Well, here we have another skyscrapper in Dubai, this time in the shape of a giant wind turbine. When I saw this, i thought it had this turbine to generate eolic energy, but actually it’s a structure that holds a panoramic restaurant in the glass capsule at the top of the building, as you can see on the further images.
The 2,15 feet (655m) tall tower includes a mixed use developement with retail, offices, 300 luxury apartments and a 250-room luxury hotel. As you can see on the vertical renderings, it has a tremendus atrium and vertical gardens every 27 floors.
b720 architects won the competition for the World Trade Center at Igualada, Spain. The complex will articulate the existing industrial city with the residential zone, completing a new zone of infrastructure for this developing city.
The complex consist of 4 buildings with a total area of 53.000 sqm, including 530 underground parking spaces. This project will hold offices, retail spaces.
Retail space is located on the lower and first level of the first 3 buildings, as a base to the office space above it as you can see on the rendering. The upper levels are wider than this retail base, creating a covered space for pedestrians. Between the volumes, several spaces will allow for future occupation. Galleries on the upper floors will allow an exterior-interior continuity, integrating the mid-rise volumes with the exterior that starts to become more as a neighborhood than with this new relations, thus answering to the city council requirement to turn this project in not just office space, but a new urban centrality.
There’s only a few more images available (after the break), but we will keep in touch with b720 to bring you more on this project as it develops.
In order to relocate the people that lost their houses, the Chinese goverment decided to build 1.5 million temporary homes. For this, Ming Tang proposed a shelter that was easily produced, cheap and environmentally friendly, using bamboo. The concept utilizes a system of bamboo poles that are pre-assembled into rigid geometric shapes. The geometry of these forms provides each structure’s integrity, allowing a range of lightweight modular structures to be quickly assembled in factories and transported to their destination. Once constructed, the shelters are then covered by using post and pre-consumer recycled paper.
For this modular system, Tang also proposed a paper fibers, water, and cement envelope that allows for larger configurations.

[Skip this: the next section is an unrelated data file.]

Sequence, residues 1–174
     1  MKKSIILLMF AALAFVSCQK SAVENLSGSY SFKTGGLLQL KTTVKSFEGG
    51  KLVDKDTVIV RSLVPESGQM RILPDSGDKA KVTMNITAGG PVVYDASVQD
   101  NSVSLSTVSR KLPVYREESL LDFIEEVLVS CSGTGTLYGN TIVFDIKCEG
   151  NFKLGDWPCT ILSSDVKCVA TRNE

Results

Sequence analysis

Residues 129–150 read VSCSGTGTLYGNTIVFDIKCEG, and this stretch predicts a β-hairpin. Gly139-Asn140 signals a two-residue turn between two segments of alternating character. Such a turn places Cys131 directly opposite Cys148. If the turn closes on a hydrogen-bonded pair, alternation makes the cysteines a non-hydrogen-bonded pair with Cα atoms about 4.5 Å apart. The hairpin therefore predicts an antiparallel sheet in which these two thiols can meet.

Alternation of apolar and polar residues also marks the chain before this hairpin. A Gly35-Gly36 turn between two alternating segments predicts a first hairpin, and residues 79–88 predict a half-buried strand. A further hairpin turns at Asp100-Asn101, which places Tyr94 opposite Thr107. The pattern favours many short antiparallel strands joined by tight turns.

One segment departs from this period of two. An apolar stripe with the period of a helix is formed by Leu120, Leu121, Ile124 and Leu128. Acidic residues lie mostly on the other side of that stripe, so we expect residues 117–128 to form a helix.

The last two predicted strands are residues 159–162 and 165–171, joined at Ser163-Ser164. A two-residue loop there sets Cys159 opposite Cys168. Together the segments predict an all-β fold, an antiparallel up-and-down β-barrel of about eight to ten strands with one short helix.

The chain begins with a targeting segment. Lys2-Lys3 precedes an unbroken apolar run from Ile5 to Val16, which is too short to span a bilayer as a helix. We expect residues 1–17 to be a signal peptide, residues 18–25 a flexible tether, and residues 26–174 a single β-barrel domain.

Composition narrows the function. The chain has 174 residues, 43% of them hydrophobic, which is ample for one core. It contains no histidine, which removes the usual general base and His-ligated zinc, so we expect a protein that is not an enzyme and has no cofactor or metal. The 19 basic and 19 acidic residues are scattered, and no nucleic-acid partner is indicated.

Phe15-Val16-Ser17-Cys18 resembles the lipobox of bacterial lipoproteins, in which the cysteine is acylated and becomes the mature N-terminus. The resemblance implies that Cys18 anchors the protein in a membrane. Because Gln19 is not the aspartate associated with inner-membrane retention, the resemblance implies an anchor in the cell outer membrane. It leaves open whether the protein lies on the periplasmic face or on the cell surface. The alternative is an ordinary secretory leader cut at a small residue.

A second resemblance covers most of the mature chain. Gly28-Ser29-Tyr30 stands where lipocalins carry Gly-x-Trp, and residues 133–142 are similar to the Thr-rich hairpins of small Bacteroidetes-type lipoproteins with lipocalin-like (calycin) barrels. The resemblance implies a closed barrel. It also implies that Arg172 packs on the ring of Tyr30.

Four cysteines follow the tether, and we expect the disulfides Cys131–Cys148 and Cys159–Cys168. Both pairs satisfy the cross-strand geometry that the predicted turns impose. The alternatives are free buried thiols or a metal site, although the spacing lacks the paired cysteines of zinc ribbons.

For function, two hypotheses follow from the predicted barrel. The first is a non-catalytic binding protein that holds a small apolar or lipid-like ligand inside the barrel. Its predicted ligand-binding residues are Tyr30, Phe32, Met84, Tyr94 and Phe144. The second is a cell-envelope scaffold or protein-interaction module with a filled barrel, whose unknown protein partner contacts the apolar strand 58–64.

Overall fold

This project was presented on the RE:Construct competition, a call for a ideas on temporary housing. This project was selected as a notable entry, but i think it should have been awarded since it address a on going problem with a local solution in an innovative way.
This are the kind of projects that I wish were being built right now! What do you think? Do you have more examples on innovative temporary housing?
Rural Studio has been a good teaching model, which made students get involved on communities as they learn architecture, a good approach to form architect’s that are part of the society. This model, first initiated by Sam Mockbee in 1993, is still being used in schools in the US. A good example of this is DesignBuildBLUFF, a studio taught by Hank Louis (AIA) through the University of Utah College of Architecture + Planning.
The Burj Dubai by SOM hasn´t been finished yet, but it´s currently the world´s tallest structure. Meanwhile, the Shanghai World Financial Centre by KPF has been opened a few weeks ago, which is (as for now) the tallest building in the world when it comes to roof height with 492m (1,614.2ft). The Taipei 101 in Taiwan is 509.2m (1,670.60ft) if you count the antenna, but its roof is only at 449.2 m (1,473.75 ft).
The building took almost 11 years to be completed, delayed by the Asian Financial Crisis of 97-98 and change on design, but it was finally opened to public on August 30, 2008. You can see an interesting tour of the building on the video posted above.
The observatory on the 100th floor is amazing, with a transparent floor.
Also, I found an interesting documentary by National Geographic on the construction of the World Financial Center, posted it below. Enjoy!